07 February 2006

An alien in Florida: Subulina octona


Subulina octona is one of the land snail species that have been widely distributed as a result of human activities. I am not quite sure where the species originated. Pilsbry1 implied that the original range of S. octona was tropical America and indicated that it was introduced in Africa, Ceylon, East Indies and elsewhere. Schileyko gave the range of the genus as tropical Africa, Comora Islands, Central America and tropical South America.

Subulina octona is quite common in gardens, parks and alongside roads in Florida. I have found it in Pinellas County, north of Tampa and further south near Fort Myers. The snail pictured above was from the latter location. Elsewhere in the U.S., the species has been recorded from greenhouses. It has also been introduced to the Samoan Islands and was recently found in greenhouses in Prague, Czech Republic.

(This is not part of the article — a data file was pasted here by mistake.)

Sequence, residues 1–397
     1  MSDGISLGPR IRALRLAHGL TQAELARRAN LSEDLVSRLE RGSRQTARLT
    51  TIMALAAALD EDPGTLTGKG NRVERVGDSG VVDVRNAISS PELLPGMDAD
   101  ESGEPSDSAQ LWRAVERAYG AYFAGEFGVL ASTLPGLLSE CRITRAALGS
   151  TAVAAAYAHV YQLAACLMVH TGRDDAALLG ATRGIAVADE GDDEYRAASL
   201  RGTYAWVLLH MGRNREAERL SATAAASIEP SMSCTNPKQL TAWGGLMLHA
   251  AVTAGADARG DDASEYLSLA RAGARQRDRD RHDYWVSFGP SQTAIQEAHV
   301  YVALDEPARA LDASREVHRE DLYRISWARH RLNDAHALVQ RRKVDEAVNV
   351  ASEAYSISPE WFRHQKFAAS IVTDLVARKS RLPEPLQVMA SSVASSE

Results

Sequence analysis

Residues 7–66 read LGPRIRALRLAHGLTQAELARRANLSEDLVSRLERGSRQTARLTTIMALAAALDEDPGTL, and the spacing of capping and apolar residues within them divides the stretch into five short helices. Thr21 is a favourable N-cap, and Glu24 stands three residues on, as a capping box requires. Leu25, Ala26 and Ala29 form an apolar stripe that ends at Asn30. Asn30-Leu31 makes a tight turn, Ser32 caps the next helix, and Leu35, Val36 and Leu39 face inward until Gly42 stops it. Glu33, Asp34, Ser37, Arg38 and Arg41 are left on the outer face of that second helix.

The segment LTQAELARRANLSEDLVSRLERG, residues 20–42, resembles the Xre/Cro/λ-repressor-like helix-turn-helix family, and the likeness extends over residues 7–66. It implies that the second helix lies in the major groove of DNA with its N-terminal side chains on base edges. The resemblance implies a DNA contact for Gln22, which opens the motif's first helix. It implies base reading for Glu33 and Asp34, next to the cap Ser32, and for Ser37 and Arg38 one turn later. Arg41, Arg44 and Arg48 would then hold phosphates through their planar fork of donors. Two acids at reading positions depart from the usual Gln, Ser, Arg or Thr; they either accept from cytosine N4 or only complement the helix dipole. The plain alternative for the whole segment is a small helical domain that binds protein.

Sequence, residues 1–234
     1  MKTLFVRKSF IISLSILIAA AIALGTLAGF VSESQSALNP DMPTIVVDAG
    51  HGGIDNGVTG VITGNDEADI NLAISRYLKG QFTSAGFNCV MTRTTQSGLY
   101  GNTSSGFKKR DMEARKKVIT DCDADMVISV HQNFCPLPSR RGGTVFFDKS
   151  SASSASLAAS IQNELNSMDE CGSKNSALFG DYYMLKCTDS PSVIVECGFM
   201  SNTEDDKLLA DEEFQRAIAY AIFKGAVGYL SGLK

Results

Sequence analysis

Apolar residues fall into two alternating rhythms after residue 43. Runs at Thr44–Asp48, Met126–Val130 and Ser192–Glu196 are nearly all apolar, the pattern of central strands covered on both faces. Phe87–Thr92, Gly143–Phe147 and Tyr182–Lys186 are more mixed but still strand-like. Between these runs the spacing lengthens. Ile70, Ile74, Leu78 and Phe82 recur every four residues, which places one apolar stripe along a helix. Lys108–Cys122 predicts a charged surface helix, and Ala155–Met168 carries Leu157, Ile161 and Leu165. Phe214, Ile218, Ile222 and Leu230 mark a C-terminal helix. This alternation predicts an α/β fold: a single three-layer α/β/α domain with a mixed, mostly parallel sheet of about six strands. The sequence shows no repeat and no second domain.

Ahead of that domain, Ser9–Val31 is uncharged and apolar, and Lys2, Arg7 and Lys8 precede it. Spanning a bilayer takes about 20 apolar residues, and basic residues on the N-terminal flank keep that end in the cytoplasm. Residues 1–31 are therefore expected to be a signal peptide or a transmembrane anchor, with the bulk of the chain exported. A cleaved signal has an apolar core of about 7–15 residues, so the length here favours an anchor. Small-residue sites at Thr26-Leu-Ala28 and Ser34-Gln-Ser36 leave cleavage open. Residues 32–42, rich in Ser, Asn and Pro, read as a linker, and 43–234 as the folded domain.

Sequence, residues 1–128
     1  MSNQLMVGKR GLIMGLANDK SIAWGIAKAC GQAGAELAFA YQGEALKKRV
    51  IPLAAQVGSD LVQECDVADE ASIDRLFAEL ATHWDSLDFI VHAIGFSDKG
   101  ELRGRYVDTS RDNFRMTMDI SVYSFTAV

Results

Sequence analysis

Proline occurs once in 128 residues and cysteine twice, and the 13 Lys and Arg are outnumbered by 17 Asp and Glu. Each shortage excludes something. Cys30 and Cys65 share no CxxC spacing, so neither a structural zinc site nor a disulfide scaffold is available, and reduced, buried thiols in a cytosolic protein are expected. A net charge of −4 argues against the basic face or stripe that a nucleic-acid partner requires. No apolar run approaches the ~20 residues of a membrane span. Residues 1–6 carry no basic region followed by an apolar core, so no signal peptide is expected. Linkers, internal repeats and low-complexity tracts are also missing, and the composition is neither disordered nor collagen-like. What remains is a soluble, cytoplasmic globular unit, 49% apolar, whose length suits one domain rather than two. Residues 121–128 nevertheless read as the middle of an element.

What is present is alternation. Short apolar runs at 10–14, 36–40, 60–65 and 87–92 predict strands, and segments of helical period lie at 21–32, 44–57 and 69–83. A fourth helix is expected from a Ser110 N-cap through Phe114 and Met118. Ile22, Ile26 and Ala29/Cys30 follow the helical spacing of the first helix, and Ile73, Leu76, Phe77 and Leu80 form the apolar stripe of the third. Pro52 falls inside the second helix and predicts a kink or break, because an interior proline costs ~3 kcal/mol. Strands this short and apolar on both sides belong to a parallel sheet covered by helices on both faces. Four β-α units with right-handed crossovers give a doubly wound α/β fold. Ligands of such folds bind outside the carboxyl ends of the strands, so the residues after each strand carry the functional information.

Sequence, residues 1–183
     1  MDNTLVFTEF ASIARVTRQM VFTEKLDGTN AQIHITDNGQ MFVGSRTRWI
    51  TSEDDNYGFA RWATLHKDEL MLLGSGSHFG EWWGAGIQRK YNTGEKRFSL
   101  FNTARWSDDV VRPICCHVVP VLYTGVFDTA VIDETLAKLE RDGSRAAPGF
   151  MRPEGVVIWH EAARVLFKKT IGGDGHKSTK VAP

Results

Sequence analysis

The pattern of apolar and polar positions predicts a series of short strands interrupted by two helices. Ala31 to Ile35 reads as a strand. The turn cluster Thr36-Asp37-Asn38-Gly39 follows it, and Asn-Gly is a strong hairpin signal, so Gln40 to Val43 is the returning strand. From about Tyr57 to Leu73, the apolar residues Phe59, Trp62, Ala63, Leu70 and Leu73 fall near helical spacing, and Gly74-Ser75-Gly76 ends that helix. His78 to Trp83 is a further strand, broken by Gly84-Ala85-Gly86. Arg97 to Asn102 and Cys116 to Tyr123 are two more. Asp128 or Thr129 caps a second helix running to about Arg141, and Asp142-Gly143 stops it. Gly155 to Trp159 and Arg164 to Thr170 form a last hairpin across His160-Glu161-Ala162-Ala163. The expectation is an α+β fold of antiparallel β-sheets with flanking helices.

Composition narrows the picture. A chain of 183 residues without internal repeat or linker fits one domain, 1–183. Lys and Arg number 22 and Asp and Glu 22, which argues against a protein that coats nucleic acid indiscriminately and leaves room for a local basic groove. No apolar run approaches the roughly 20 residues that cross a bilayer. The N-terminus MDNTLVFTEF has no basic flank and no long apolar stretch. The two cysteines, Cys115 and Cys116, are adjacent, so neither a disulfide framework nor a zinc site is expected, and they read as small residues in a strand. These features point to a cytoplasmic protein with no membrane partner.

An empty shell of Subulina octona characterized by, in Pilsbry’s1 words, a "distinctly but not abruptly truncate columella [arrow]".



1. Pilsbry, H.A. 1946. Land Mollusca of North America (north of Mexico ). Vol. 2, part 1.
2. Schileyko, A.A. 1999. Treatise on Recent Terrestrial Pulmonate Molluscs. Part 4. Ruthenica, Supplement 2.

2 comments:

T. Beth said...

Nice photo with the snail's head out! Its shell is very transparent and looks quite fragile.

AYDIN ÖRSTAN said...

Yes, their shells are quite transparent. One can even see the eggs developing inside the shell. I have had this snail since last July. I was hoping that by now it would be laying eggs, but for some reason it's not growing. I must be doing something wrong.